As a community, Black people consistently face barriers to full participation in traditional financial markets. The decentralized nature of the cryptocurrency market is attractive to a community that has been historically and systematically excluded from the traditional financial markets by both private and public actors. As new entrants to any type of financial market, Black people have increasingly embraced blockchain technology and cryptocurrency as a path towards the wealth-building opportunities and financial freedom they have been denied in traditional markets. This Article analyzes whether the technology’s decentralized system will lead to financial inclusion or increased financial exclusion. Without reconciling the racially discriminatory history or effects of the current central financial system, the innovative decentralized appeal to Black people will do little to overcome economic inequity. It may be possible that some cryptocurrencies can be tools for financial inclusion by improving economic outcomes and building wealth outside of traditional financial institutions, but without an intervention, a decentralized system will not necessarily lead to decentralized wealth.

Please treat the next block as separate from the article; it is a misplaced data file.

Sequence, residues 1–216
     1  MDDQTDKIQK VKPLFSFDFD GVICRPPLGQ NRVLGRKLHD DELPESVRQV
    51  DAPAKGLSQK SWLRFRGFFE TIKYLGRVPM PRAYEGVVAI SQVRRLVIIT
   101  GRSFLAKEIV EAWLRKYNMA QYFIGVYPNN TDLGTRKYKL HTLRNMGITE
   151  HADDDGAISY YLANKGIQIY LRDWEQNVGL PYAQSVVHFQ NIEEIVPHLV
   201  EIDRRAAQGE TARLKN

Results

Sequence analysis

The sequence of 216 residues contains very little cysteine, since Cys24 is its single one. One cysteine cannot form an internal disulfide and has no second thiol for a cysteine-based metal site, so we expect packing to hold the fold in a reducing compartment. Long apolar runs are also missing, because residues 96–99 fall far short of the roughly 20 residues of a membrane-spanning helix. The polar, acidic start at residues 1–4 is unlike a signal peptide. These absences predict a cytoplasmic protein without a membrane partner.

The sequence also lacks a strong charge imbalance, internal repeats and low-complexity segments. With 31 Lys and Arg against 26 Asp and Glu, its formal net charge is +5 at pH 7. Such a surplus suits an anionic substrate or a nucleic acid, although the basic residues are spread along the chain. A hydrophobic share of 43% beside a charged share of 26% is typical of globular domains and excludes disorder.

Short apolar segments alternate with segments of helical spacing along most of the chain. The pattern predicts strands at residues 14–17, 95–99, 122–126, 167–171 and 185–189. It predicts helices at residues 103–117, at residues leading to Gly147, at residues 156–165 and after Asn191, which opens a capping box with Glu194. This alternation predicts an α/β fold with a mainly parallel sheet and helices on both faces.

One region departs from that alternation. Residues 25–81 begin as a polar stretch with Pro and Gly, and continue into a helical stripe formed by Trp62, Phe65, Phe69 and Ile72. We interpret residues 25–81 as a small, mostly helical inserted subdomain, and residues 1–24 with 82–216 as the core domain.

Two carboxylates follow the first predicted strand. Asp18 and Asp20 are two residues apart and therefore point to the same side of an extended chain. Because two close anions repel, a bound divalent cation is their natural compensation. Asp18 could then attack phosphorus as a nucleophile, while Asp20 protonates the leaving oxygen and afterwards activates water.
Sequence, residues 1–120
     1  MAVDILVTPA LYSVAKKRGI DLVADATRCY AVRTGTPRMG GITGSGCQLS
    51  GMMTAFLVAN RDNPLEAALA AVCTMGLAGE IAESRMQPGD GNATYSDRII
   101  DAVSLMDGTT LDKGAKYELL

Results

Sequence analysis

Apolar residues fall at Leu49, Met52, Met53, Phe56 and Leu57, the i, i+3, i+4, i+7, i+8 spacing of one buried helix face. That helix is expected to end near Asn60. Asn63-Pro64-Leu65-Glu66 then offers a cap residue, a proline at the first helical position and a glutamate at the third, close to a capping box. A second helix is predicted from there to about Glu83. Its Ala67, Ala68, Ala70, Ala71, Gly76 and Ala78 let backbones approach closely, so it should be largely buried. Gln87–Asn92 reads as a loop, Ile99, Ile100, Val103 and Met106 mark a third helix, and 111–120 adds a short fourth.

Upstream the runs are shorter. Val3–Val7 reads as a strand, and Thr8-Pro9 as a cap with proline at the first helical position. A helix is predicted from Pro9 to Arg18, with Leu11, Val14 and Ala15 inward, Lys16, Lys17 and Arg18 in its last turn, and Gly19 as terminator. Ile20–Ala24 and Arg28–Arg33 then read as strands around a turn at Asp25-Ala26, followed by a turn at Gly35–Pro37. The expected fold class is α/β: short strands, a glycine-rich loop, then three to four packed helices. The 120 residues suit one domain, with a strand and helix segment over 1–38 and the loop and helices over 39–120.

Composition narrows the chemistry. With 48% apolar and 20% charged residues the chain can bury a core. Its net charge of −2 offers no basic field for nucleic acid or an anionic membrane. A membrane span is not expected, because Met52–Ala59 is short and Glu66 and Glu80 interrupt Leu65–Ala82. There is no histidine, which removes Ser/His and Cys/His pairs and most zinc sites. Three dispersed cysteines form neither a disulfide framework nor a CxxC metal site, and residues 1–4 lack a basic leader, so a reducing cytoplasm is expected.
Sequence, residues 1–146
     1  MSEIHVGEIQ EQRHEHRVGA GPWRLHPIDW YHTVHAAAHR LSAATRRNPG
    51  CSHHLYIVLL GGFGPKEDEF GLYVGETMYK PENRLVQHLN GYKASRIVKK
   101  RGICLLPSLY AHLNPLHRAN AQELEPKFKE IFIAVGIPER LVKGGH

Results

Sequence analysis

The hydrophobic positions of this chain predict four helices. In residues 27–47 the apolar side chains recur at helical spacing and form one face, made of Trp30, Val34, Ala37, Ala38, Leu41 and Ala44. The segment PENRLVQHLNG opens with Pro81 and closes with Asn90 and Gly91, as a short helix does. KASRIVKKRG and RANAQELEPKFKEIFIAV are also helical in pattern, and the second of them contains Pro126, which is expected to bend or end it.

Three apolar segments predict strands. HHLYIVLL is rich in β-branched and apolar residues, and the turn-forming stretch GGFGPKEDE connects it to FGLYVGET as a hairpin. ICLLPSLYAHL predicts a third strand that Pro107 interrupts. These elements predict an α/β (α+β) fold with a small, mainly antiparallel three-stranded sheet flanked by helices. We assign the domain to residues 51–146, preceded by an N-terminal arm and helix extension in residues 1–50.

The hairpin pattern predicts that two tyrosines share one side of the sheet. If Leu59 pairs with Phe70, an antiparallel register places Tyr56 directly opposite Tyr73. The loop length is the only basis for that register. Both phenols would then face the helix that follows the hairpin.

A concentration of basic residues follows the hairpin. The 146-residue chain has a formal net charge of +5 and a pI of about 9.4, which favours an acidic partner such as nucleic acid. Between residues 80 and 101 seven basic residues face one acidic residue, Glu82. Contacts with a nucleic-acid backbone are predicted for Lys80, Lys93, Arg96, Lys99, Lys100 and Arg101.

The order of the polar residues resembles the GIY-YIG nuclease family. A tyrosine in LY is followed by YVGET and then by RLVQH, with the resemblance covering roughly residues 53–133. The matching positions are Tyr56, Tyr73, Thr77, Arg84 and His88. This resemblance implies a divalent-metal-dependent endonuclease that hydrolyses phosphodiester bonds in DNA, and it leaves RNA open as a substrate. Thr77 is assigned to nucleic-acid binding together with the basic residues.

The rise of cryptocurrency presents an opportunity to think about how to create a fairer, more inclusive financial system. Taken together with the financial exclusions of the past, cryptocurrency can be a vehicle through which we think about true financial inclusion. However, asking traditionally marginalized groups to participate in an extremely risky cryptocurrency market in pursuit of racial equity is an unrealistic solution given the legacy and reality of financial exclusion. A decentralized system cannot fix the systemic racial inequality that has been embedded in our financial systems. This Article proposes using an Afrofuturist framework in the shaping of policy toward cryptocurrency. An Afrofuturist paradigm pushes for systemic problems to be solved through wholesale systems change rather than tinkering at the margins. Moving forward using an Afrofuturist lens would facilitate a rethinking of our financial systems and the role of cryptocurrency as a portal for racial equity.
Banking and Finance Law | Law | Law and Economics | Law and Race
Lynnise E. Pantin,
Financial Inclusion, Cryptocurrency, and Afrofuturism,
Nw. U. L. Rev.
Available at: https://scholarship.law.columbia.edu/faculty_scholarship/4183